I also considered now with Maurice gone, I was the last line of defense that the community had. I would need to step out on faith with courage, be a steadfast guardian and allow Maurice's voice to be heard.

I know this will make life difficult for people and institutions that have money or power or both, but I must do what is right and what is fair. Some of these people are people I admire, respect and have formed professional relationships with, most of whom have gone "on record" to tell their version of the story with The Commercial.

I have empathy for those named in Maurice's story because I believe no one is a "bad person" but instead we make "bad decisions." I've even shared those same sentiments with Maurice in his position and how God had afforded him an opportunity to "right his wrongs," something he said he was striving to do daily.

Maurice never had a chance to speak on the record, with him being the centerpiece and focal point of almost every news story that we printed during the allegations of misappropriation of funds within the Urban Renewal Agency.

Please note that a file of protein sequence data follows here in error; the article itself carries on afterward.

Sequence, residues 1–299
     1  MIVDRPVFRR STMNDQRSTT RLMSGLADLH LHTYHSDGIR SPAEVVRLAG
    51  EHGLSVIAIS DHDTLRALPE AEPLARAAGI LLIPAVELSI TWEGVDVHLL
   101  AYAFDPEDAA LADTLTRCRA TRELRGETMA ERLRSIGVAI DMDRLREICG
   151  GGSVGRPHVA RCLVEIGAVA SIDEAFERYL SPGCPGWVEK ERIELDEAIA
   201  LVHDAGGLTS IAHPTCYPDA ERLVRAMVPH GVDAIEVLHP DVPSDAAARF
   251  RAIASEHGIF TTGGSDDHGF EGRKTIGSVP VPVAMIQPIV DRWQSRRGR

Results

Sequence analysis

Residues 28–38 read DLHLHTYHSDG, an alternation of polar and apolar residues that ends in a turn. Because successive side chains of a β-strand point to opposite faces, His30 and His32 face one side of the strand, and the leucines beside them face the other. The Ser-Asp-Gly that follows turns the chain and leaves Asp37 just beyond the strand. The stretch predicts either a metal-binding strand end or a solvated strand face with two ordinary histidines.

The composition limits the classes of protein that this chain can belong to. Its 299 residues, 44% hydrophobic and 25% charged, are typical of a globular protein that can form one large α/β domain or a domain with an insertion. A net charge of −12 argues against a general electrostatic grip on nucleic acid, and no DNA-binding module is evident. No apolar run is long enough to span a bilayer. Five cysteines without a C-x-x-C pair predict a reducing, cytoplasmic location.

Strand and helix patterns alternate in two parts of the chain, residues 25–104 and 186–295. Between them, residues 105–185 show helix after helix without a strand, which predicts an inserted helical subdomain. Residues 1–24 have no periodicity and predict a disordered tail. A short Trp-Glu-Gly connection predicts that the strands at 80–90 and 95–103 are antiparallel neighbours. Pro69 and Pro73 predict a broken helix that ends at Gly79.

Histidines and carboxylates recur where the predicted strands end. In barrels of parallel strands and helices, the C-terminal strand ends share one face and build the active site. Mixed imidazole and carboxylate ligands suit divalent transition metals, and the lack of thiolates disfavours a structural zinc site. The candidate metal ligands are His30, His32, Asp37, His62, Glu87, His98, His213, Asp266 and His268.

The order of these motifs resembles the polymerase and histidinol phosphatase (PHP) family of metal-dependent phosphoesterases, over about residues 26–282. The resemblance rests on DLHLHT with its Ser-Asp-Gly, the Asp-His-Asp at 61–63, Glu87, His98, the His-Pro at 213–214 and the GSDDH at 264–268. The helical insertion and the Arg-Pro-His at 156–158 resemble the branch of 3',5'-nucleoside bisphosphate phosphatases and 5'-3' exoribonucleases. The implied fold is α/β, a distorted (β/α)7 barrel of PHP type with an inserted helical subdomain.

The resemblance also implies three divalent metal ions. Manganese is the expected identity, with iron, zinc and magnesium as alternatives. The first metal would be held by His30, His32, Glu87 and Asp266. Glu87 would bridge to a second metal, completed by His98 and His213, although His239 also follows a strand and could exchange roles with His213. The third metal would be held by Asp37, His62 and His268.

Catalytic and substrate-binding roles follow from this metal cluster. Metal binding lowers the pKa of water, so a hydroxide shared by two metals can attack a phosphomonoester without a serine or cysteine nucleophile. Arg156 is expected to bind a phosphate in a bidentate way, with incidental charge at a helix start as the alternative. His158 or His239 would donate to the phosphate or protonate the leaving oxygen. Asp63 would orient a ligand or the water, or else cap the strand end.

If I am to be a gatekeeper of news, I must now allow him that opportunity. I must serve the public and provide them with Maurice's truth as well. It's my responsibility to provide unbiased journalism and accuracy and it's on all of us to hold others accountable for their actions.

Investigative journalism can stir up a lot in society and it will put a target on my back, I'm sure. I've always said what's right is right and what's wrong is wrong, no matter who you are and what position you hold. I'm not looking to be a hero by doing the right thing. Being an advocate for justice and a journalist is a thankless profession and I am learning to be OK with that.

I am aware of the dangers that may follow where those in power may feel threatened by some of the exposure that Maurice has shared but as a self-respecting journalist and a child of God who possesses integrity ... God has not given me a spirit of fear.

This is when my integrity becomes bravery.

Maurice Taggart, you're "On The Record" now.

Rest In Peace.

Eplunus "E" Colvin is a reporter for the Pine Bluff Commercial.